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Cumming Georgia Estate Planning Law Blog

Without wills, people can cause serious problems for loved ones

It is never easy for a person to consider what will happen after he or she passes away. Drafting an estate plan requires the consideration of certain topics that are often difficult to think about, such as which beneficiaries and loved ones will receive what assets. Without wills and other important documents in place, it can cause significant complications for those left behind when a person passes away.

Most people in Georgia probably have an idea of what they hope will happen to their estate, but they may not have taken the time to have this formally documented in a legally enforceable manner. When a person dies with no will, state laws will determine what happens to the estate. Recently, famous singer Aretha Franklin died, leaving instructions for her estate in three different handwritten wills. Family members are now locked in a battle over her money and possessions, and it may take a court years to sort through and make a decision.

Drafting wills that give preference to one child over another

Estate planning can be an emotionally challenging and complex process. A Georgia reader who is drafting a plan will have to consider what will happen to his or her stuff after passing away, and that means designating beneficiaries to receive assets and money. Sometimes, this can be difficult for parents who need to draft wills that will give preference to one child over another.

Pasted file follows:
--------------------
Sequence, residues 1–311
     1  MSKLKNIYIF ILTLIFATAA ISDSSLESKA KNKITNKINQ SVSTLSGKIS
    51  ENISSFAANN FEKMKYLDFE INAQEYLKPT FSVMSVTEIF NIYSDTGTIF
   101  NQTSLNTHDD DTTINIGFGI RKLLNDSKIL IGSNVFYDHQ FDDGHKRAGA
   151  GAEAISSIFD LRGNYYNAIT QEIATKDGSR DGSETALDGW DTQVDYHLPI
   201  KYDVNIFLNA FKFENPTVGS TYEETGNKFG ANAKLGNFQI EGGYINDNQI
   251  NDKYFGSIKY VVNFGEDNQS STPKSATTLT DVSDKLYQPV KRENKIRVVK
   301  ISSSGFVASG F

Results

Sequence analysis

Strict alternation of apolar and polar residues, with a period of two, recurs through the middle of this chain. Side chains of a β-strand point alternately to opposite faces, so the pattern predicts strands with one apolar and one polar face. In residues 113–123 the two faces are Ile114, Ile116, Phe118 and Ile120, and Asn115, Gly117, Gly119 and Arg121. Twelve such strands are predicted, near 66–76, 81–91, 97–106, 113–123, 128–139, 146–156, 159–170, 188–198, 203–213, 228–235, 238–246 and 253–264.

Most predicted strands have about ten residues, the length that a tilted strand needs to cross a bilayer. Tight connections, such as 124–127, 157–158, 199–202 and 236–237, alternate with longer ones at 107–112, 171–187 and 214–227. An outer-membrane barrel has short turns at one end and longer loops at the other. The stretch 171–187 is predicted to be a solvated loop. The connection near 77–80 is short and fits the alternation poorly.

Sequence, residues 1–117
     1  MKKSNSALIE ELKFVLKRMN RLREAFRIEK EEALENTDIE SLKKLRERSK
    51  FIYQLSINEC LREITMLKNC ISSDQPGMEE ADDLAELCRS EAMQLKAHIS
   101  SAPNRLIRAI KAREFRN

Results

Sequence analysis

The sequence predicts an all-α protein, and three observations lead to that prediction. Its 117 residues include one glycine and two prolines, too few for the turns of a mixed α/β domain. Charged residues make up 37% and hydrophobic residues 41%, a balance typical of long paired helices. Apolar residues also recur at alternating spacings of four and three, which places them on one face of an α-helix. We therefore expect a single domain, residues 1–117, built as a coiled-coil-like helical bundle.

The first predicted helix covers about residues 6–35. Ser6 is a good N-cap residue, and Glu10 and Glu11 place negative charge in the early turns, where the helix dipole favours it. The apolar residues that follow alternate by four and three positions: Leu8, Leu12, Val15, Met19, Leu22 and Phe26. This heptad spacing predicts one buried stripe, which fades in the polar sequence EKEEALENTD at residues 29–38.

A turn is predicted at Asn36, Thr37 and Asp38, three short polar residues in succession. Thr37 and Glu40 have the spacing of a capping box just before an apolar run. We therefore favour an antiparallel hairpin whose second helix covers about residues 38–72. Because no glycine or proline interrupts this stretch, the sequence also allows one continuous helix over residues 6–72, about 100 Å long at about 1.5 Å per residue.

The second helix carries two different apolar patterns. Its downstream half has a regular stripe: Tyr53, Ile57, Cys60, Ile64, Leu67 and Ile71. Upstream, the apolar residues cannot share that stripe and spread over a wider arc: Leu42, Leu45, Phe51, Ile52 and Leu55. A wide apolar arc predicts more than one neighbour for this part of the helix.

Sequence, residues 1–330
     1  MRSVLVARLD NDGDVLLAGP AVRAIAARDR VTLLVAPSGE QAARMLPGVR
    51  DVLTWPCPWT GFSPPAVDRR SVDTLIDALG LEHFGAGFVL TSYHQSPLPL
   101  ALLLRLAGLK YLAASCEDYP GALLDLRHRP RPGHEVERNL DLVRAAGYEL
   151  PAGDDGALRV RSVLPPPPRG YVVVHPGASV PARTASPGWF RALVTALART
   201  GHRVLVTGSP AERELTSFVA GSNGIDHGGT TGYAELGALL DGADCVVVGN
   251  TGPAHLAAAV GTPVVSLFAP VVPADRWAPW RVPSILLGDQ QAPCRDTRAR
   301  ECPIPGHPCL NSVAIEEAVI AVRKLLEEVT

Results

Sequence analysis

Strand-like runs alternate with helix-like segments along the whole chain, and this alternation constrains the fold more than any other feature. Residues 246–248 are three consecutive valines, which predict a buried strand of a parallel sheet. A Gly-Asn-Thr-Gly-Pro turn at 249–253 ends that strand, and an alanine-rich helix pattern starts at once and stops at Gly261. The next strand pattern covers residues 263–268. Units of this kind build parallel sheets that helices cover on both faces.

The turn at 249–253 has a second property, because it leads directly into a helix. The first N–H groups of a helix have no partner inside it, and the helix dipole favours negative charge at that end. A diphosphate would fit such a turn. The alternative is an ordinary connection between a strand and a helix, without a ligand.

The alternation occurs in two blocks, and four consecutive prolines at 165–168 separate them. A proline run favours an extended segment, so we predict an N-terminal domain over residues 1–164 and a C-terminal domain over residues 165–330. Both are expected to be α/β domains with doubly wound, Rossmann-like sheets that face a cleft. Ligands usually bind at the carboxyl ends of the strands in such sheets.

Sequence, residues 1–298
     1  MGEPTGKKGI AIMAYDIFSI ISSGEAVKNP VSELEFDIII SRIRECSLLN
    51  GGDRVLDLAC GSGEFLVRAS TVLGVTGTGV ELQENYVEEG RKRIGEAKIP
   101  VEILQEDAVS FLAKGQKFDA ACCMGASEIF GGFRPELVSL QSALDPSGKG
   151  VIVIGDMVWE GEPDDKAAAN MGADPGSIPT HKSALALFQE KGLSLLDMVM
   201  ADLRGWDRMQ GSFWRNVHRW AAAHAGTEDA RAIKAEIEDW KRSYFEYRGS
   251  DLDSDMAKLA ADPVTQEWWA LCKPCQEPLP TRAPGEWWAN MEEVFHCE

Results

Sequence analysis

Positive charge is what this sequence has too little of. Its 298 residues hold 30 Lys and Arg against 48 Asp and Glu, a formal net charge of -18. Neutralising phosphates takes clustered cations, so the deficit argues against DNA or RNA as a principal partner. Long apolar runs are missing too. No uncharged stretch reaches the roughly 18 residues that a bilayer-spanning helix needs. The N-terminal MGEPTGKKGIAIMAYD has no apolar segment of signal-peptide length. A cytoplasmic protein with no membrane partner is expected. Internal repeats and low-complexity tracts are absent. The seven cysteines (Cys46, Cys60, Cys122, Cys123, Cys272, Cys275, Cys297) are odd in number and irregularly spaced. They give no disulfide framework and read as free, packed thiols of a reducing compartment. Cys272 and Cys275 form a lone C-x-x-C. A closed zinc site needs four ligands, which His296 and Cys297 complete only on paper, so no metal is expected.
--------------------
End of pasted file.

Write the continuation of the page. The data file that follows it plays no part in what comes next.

There are many reasons why a parent will need or want to give preference to one child over another. For example, a parent may want to leave more to a child who has been caring for him or her. Other parents may consider the income and future prospects of their children and determine that one child deserves or needs more than the other. This is not easy to do, and it's also not easy to explain these reasons to adult children.

Revising wills should be a priority following a second marriage

Family structure has changed significantly in Georgia in recent years. Second marriages are often the norm and the resulting blended families can be warm and loving but may end up squabbling when it comes to resolving disputes resulting from a loved one's passing. In order to avoid this unfortunate circumstance, a priority of the newly weds should be revising their wills and any other estate planning documents.

Wills should be revised to include bequests to children from a former marriage. While the bulk of one's estate may go to a spouse, feelings of resentment can be avoided if bequests are included for children. Life insurance is also a means to provide for children. One may wish to leave the bulk of an estate to a spouse, but life insurance policies can be acquired that designate one's children as beneficiaries.

Is a third-party special needs trust right for my son?